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Swedish architecture firm Kolman Boye’s cabin project at Vega in Nordland. Photo: Åke E Lindman& Kolman Boye Architects


Everyone’s got cabin fever in Norway

When an English prince took his new love on a romantic getaway, he chose a cabin holiday in Norway. He’s not the only one. Norwegians flock to the mountains and more new cabins are being built than ever before.

“We’re seeing an explosion in the mountains. Turnover and sales of cabins and cabin plots are proceeding at a record pace,” says Bjørn Erik Øye of market researchers Prognosesenteret.

He has studied in microscopic detail how Norwegians use cabins and says that they’re using them more than ever before, and in different ways.

Rabothytta, by Jarmund/Vigsnes, is named after the French mountaineer Charles Rabot. He loved exploring northern Norway and the area around the Okstindan Glacier. Photo: Svein Arne Brygfjeld/DNT

“On average, Norwegians spend 60 days a year in cabins. That’s a lot. I think this is a consequence of increasing urbanization, the fact that we’re living in smaller homes in more densely populated cities.

‘We dream of a cabin above the tree line, but end up building in the middle of a ski slope’

This is a reaction to all the rushing around and always-on lifestyle today. Many people have had enough of this and head to the mountains at every opportunity. Cabins represent freedom, somewhere we can be more social and spend time together doing various activities,” Øye says.

Higher demands

Norwegian mountain cabins used to be a symbol of the simple life – outside WC, narrow cot beds and canned stew. Today’s cabin enthusiasts, though, are more demanding.

Old meets new at Tungestølen in Luster, right below the Jostedalen Glacier. Photo: Snøhetta/DNT

“It shouldn’t take more than a maximum of two to three hours to drive to the cabin and they should be far more practical than before. Everyone, or almost everyone, wants mains water, a shower and a WC. Cabins have also been getting bigger – and bigger – for several years now. This is part and parcel of the general increase in the standard of living and better finances,” Øye says. 

‘Nature is an additional ­luxury. Something sensual. Our aim is to connect the architecture to feelings and fascination’     

According to Prognosesenteret surveys, people still have an image of how a “dream cabin” looks. It should look traditional, a dovetail notch log cabin with small-pane windows. However, things are changing.

“A new, younger generation is entering the market now. They pay for them by renting them out on Airbnb. This segment is an architect’s dream, because they are open to more modern designs,” Øye says.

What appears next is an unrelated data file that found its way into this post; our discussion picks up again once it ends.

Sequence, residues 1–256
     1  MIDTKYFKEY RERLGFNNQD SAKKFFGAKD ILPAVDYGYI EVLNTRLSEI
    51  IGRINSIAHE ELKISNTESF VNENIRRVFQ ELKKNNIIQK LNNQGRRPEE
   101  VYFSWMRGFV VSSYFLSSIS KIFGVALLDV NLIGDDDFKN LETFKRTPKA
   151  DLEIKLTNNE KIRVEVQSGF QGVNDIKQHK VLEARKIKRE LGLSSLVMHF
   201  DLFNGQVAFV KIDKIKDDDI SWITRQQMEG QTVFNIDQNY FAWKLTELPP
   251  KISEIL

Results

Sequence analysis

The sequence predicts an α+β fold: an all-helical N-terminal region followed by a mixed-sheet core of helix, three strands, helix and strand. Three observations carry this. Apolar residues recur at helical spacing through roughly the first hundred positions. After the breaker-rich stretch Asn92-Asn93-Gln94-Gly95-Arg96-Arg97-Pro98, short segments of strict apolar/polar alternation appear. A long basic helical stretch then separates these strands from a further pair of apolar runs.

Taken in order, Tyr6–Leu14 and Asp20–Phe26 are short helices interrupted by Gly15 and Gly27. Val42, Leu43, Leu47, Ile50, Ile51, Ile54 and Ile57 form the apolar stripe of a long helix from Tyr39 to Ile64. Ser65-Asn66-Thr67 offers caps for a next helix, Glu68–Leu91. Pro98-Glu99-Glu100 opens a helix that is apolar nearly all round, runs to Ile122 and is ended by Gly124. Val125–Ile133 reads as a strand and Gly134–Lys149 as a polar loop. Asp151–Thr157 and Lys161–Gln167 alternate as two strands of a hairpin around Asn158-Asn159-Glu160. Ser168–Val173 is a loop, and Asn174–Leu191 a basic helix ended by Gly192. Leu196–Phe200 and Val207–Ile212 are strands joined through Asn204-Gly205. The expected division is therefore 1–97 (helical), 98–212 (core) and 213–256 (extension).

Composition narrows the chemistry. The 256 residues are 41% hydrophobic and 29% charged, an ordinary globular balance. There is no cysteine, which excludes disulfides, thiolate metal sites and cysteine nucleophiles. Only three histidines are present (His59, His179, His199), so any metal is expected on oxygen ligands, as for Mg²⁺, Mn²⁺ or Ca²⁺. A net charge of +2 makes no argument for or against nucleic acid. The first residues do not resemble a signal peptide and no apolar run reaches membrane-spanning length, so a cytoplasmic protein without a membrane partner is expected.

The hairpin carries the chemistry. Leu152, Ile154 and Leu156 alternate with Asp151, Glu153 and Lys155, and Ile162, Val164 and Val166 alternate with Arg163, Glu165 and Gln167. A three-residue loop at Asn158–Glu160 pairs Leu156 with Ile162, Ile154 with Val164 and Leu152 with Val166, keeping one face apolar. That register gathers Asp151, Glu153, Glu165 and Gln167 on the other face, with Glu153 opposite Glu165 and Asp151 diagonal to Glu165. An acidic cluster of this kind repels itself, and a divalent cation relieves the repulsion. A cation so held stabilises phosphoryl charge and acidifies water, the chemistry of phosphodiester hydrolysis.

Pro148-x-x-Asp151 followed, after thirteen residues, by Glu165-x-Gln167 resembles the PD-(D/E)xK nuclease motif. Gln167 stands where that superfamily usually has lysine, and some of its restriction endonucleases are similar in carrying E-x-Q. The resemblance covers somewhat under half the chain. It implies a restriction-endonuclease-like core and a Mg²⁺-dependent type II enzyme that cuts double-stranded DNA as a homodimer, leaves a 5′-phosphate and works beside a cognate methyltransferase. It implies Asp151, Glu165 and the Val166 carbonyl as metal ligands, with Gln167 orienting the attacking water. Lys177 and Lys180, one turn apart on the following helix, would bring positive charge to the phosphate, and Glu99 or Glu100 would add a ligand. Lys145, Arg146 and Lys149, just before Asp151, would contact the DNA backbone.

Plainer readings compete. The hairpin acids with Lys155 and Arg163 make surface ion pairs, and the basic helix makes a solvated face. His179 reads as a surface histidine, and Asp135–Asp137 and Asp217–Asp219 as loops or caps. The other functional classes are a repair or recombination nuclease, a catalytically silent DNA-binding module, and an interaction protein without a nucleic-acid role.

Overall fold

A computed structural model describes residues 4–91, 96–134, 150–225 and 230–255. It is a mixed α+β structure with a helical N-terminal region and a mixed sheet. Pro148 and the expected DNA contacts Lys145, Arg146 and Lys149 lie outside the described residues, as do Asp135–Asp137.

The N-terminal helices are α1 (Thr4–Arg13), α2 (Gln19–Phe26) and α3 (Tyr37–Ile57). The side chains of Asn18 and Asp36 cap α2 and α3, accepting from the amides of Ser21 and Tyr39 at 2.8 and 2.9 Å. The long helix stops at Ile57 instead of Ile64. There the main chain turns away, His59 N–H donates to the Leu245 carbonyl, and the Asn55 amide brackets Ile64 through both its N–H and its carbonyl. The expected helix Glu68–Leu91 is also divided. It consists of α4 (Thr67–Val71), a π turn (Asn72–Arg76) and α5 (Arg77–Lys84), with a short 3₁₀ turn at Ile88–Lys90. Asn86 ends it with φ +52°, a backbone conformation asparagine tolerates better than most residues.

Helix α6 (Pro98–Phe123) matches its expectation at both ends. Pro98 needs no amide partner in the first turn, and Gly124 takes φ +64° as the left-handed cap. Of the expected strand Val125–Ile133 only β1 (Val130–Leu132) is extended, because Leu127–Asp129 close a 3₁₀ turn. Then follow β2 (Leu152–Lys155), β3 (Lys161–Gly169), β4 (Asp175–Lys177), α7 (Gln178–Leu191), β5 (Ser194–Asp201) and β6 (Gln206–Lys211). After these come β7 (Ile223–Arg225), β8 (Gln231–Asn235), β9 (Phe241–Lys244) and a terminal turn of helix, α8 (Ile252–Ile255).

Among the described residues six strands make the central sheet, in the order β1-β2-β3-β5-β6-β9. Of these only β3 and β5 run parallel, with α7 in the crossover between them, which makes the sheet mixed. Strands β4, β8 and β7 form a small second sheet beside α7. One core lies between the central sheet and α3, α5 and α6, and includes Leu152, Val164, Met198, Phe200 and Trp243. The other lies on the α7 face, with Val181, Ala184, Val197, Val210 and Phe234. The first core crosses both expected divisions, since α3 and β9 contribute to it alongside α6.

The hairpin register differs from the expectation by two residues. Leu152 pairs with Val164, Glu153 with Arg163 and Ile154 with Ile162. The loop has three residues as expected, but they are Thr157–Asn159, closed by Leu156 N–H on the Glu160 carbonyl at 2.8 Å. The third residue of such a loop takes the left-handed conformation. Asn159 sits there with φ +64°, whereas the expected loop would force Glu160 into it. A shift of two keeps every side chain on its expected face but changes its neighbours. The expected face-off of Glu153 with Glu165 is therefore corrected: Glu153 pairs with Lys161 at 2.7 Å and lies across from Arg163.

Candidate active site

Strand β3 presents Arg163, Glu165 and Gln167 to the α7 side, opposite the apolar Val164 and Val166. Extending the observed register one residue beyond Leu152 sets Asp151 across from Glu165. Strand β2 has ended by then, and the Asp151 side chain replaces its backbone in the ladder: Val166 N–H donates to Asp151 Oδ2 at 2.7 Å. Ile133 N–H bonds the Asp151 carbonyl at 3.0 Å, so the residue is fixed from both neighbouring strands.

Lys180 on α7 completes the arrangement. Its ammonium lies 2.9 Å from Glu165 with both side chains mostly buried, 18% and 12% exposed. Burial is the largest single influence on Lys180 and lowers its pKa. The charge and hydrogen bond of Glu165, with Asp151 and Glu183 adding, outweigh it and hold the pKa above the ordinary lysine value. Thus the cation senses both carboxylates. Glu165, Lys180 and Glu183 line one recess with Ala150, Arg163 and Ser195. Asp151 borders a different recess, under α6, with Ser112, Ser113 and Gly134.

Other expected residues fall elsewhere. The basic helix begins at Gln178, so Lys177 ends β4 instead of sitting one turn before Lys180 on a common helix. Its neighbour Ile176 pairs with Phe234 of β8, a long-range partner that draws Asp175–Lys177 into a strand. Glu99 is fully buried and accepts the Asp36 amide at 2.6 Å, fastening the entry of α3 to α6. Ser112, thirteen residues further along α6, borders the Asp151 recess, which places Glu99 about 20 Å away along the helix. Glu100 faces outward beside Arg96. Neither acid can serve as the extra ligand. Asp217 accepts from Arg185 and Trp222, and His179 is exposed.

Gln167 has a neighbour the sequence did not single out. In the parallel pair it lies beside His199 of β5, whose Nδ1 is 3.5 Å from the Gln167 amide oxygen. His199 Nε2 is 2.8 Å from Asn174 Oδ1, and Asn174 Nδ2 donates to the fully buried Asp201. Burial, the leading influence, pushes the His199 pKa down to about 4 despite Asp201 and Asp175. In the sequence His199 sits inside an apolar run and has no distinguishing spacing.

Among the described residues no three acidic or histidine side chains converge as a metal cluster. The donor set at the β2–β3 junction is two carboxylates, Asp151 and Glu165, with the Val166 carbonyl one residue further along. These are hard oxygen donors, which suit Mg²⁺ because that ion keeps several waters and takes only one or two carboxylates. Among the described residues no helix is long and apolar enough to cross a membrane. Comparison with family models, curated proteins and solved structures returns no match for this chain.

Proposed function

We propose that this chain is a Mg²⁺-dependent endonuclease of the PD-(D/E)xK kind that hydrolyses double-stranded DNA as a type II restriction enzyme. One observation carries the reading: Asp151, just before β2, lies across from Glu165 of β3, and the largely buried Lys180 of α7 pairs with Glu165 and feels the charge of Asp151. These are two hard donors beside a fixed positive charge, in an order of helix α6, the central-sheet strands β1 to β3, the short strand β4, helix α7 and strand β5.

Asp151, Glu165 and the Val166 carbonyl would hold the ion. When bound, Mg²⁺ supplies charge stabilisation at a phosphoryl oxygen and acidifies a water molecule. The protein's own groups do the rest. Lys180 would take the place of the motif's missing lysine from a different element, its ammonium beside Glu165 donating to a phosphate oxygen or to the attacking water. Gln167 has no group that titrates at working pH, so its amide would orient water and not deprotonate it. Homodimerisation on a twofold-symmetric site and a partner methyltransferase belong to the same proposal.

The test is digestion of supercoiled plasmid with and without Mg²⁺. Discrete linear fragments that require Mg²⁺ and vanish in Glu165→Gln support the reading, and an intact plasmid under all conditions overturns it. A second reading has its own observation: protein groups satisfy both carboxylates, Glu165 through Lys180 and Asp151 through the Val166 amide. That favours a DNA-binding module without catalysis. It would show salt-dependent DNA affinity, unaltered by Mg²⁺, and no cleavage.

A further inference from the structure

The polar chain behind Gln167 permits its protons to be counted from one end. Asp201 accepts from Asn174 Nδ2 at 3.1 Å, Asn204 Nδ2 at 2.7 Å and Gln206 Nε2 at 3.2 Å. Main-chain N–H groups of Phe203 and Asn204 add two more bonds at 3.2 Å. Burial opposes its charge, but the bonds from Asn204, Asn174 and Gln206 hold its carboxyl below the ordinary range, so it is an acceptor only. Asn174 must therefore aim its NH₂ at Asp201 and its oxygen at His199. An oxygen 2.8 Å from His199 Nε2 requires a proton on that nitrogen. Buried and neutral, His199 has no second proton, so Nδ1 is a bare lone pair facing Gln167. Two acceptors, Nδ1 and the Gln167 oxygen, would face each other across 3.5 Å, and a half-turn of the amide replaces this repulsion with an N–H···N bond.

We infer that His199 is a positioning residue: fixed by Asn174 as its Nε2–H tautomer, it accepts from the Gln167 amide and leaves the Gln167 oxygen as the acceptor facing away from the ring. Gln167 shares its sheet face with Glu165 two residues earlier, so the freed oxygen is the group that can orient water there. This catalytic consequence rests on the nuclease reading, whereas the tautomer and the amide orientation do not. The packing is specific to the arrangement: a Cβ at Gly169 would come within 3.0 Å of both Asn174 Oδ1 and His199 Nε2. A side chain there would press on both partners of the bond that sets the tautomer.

When Norwegians are asked what their ideal cabin is, almost all say a place in majestic isolation, private, either in the forest or high above the tree line in the mountains.
Even so, most end up in a crowded area in the middle of a slalom slope. Here, there’s a certain gap between dream and reality.
Cabins are being built at record speed, often in the hundreds, with ski waxing sheds and garages, on the “one size fits all” principle.

Cabin Norderhov, by Atelier Oslo. Located in the woods of Krokskogen, with great views over Steinsfjorden. Photo: Lars Petter Pettersen/Atelier Oslo

“This type of leisure home building is a horribly misconceived development that is directly harming valuable rural areas in Norway. The developers argue that it is enterprise and the local authorities say they want to protect the countryside, but what is happening is not sustainable,” says architect Reiulf Ramstad. In recent years, his company, Reiulf Ramstad Arkitekter, has won several competitions for statement architecture in the magnificent Norwegian countryside. They have also attracted plenty of attention for their private cabin projects in Buskerud and in the small commun­ity of Røldal in western Norway.

Reiulf Ramstad Arkitekter’s project in tiny Røldal. Photo: Reiulf Ramstad Arkiekter

“I’d like to see a more critical debate about what’s happening in the mountains these days. Cabin plots look identical everywhere. Fantastic and beautiful nature is being remade into a kind of suburbia, seemingly modeled on how the American suburbs were developed. We need to find other, more gentle ways of doing this,” Ramstad says.

He thinks we can learn from looking at how houses in compact Alpine villages are built and by studying local building traditions in Norway, to see how homes and farms used to be built in the countryside and along the coast.

Rindebbotten, by Reiulf Ramstad Arkitekter, is an edgy cabin on several levels in Sogndal. Photo: Reiulf Ramstad Architects

“Those boathouses and mountain farms are the forerunners of today’s cabins and cabin living. It’s about simplicity and sobriety. About city dwellers renting simple rooms to get out into nature. Not the ­opposite, which is what many people do now­adays, sitting in their massive cabins. We need to re-invent the good old farm buildings and mountain communities. We should concentrate on one point in the landscape, rather than spreading out,” Ramstad says.